Pre-Shipment finance is financial assistance extended to the exporters, prior to shipment of exports. Pre-Shipment finance can be classified as packing credit, advances against cheques or demand drafts that are received as advance payment, and pre-shipment credit in foreign currency (PCFC).
Exporter need financial assistance for the execution of an export order from the date of receipt of an export order till the date of realization of export proceeds at any stage. Export finance is a short term capital finance allowed to an exporter. Export finance can be classified into two categories; depending upon at what stage of export activity the finance is expected. One is pre shipment finance and the other is post shipment finance.
Pre-shipment credit is any loan or advance granted or any other credit provided by the bank to an exporter. This is for the purpose of financing the purchase, processing, manufacturing or packing of goods prior to shipment. Dealers are permitted to avail Pre-shipment Credit in Foreign Currency (PCFC) with an intention of making the credit accessible to the exporters at an internationally cutthroat price. This is contemplated as an additional advantage beneath which credit is issued in foreign currency in order to assist the purchase of raw material after attaining the primary export orders. This is done on the basis of the letter of credit opened in his favor or in favor of some other person by an overseas buyer or a confirmed and irrevocable order for export of goods.
Banks extend Pre-Shipment in Foreign Currency (PCFC) to exporters for domestic and imported inputs of exported goods at LIBOR/EURO LIBOR/EURIBOR related Rates of Interest. Banks cover all pre-shipment advances granted by them under whole turnover packing credit guarantee policy from export credit guarantee corporation ltd. Banks determine the percentage of margin depending on factors such as; Nature of order, nature of the commodity, the capability of export to bring in the requisite contribution, nature of importer and importers country profile.
RBI has instructed the banks that PCFC, in the case of Rupee pre-shipment credit at the start is available for a particular period determined by the authority after taking into consideration on relevant factors with a maximum period of 180 days and branches should keep track of the end use of credit. Nominal guarantee fee of Export credit insurance whole turnover packing credit (ECIB-WTPC) must be borne by the exporters. This protects banks against losses due to exporter’s default.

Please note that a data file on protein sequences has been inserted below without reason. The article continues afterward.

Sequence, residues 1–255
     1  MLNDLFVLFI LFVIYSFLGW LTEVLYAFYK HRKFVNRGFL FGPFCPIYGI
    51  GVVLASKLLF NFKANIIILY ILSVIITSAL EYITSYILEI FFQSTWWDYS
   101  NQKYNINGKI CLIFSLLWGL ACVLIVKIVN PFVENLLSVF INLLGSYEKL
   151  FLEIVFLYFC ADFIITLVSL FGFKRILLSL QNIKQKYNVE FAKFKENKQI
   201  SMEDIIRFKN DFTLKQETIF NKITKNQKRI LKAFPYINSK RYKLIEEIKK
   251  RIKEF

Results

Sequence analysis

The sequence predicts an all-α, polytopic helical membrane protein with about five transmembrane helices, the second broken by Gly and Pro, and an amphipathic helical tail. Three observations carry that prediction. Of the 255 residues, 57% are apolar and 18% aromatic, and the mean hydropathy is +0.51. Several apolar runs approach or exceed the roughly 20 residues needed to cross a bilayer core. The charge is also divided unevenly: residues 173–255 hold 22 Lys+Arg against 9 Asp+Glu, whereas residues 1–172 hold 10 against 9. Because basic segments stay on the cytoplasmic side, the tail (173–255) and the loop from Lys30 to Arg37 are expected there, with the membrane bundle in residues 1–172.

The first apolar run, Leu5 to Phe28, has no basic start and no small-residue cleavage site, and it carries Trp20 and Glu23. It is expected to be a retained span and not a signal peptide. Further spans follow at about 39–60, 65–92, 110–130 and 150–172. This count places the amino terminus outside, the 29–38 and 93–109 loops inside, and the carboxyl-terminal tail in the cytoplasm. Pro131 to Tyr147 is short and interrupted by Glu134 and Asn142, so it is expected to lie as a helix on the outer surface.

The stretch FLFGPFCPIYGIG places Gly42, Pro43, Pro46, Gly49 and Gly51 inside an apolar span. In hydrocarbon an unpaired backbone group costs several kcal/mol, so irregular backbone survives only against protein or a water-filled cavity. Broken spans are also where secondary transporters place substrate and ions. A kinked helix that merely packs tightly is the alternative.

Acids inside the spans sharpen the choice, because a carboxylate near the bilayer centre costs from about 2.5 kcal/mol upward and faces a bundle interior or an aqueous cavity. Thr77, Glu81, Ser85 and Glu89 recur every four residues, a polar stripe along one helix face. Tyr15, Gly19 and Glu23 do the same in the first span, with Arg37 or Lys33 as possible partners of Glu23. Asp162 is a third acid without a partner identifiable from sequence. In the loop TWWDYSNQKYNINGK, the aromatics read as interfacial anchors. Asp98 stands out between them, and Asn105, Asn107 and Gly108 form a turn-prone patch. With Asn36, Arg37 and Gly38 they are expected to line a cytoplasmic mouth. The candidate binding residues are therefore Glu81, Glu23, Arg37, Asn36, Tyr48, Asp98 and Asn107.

The exporter has the independence to utilize PCFC in convertible currencies like USD, Pound, Sterling, Euro, Yen etc. Nevertheless, the risk is correlated with the cross currency transaction is that of the exporter. The sources of funds for the banks for providing PCFC facility include the Foreign Currency balances available with the Bank in Exchange, Resident Foreign Currency Accounts RFC(D), Earner Foreign Currency Account (EEFC)and Foreign Currency(Non-resident) Accounts.
Furthermore, Banks can set out for borrowings from abroad. Banks can negotiate terms of credit with overseas bank in order to grant PCFC to exporters, without the foregoing approval from RBI, on condition that the rate of interest on borrowing does not exceed 0.75% covering 6 month LIBOR.
Pre-shipment credit in foreign currency implies any credit offered by a bank to an exporter for financing a purchase, processing, manufacturing or packing of goods before shipment. Such a loan is granted on the basis of LOC opened in the exporters favour or in favour of some other person by an overseas buyer or a confirmed and unalterable order for the export of goods from India.
Banks are also allowed to rediscount export bills abroad at rates that are linked to international interest rates in the post-shipment stage. In order that exporters find credit available at globally competitive rates, validated dealers have be permitted to extend PCFC to exporters for domestic as well as imported inputs of exported goods at LIBOR/EURO, LIBOR/EURIBOR related rates of interest. Such can be changed and helps in the process to changeable goods.
An exporter has the following export finance options- to avail of pre-shipment credit in foreign currency; the post-shipment credit has to be necessarily under the EBR scheme as foreign currency pre-shipment credit gets liquidated in global currency.
In fact hedging by making use of pre- shipment credit in foreign currency (PCFC) has been popular in the last two-three years. PCFC offers a natural hedge and the cost of borrowing is also lower. With exception to just export currency, PCFC can be extended in currency. Say X ltd has received export order from Manila, Philippines in US dollar but X ltd has availed PCFC in EURO. In such a case, any risks that’s associated between US dollar and Euro, the cross currency risk and cost is automatically on exporter. It can also be extended to Asian Currency Union (ACU) countries.
Thus, PCFC can be applied by the exporters to meet their production needs from the banks but the only consideration that one has to keep in mind is compliance with the strict provisions. The entire process of availing credit may seem cumbersome as it demands regular verification of reports and statements. Nevertheless, to cut short the difficulties, it is advisable that exporters consider taking Advisory services for foreign exchange and trade finance. Experts of such company can offer timely support to meet the credit demands of the exporters.
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